South Carolina Registered Agent

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Before you can form a limited liability company (LLC) in South Carolina, you need to appoint an official point of contact who can receive legal and other important notices in person for your business. That person (or company) is called a registered agent. We’ll tell you below what the registered agent is, their duties, and the requirements to be one.

What is a South Carolina Registered Agent?

A registered agent is an individual or business that is designated by the LLC to receive important legal documents and state correspondence on behalf of the company. This position is essential to ensuring that the correct people within an LLC are notified in person when there are time-sensitive events, such as service of process for lawsuits. The agent also receives important notices from the state, such as garnishment notices against employees, a notice of annual reports, and tax notifications.

Who can be a Registered Agent in South Carolina?

State law (SCL 33-5-101) says that each LLC in South Carolina must continuously maintain:

(1) a registered office that may be the same as any of its places of business; and

(2) a registered agent, who may be:

(i) an individual who resides in South Carolina and whose business office is identical with the registered office;

(ii) a domestic corporation or not-for-profit domestic corporation whose business office is identical with the registered office; or

(iii) a foreign (out-of-state) corporation or not-for-profit foreign corporation authorized to transact business in this state whose business office is identical with the registered office.

Should you be your own South Carolina Registered Agent?

Although it may seem like the simplest option is to be your own registered agent, there are some very good reasons to instead use a registered agent service, such as:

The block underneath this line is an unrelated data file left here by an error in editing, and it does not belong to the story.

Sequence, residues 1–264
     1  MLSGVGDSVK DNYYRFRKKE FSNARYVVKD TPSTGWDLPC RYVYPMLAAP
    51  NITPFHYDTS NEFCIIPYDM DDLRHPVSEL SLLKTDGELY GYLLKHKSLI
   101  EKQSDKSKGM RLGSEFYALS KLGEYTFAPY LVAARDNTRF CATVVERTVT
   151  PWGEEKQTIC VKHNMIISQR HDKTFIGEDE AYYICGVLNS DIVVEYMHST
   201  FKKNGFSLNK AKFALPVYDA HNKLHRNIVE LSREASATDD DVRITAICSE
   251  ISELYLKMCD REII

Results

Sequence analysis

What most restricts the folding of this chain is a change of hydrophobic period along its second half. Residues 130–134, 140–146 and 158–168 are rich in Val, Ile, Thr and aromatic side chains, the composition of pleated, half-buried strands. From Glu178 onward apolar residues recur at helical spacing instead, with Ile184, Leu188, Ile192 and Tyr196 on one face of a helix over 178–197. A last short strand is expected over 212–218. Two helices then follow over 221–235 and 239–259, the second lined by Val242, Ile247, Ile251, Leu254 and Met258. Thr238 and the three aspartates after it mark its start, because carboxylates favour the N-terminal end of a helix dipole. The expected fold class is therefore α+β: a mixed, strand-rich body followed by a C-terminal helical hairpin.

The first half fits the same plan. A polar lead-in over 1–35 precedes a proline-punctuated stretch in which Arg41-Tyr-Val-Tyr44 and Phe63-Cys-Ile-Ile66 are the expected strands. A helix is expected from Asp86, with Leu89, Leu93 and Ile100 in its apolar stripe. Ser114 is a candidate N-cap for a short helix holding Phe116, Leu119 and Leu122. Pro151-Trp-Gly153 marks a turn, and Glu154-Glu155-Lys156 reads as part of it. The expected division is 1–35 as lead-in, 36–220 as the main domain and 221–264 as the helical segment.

• Availability – A registered agent needs to generally be available at the principal address during normal business hours. This makes it difficult to leave the office to run errands, meet up with potential clients, take vacations, etc.
  • Avoiding Embarrassment – If you serve as your own registered agent and a lawsuit is filed against the business, you could have papers served to you at your office in front of clients. That could be both embarrassing and bad for business.
  • Compliance Reminders – Some registered agent services (like ZenBusiness) provide reminders of upcoming state requirements, such as filing annual report filings. Not keeping up with your compliance obligations can get you in trouble with the state.
  • Penalties and Fees – By not continuously maintaining a current registered agent, the LLC may be responsible for penalties and fees, in addition to the potential for administrative dissolution of the LLC.

How is a Registered Agent Appointed in South Carolina?

You must designate your registered agent when you complete the official paperwork with the state to form your LLC, so you need to decide who your registered agent or registered agent service will be before starting that process. Of course, you need to be sure to inform whomever you’re appointing and get their permission to serve as your agent.

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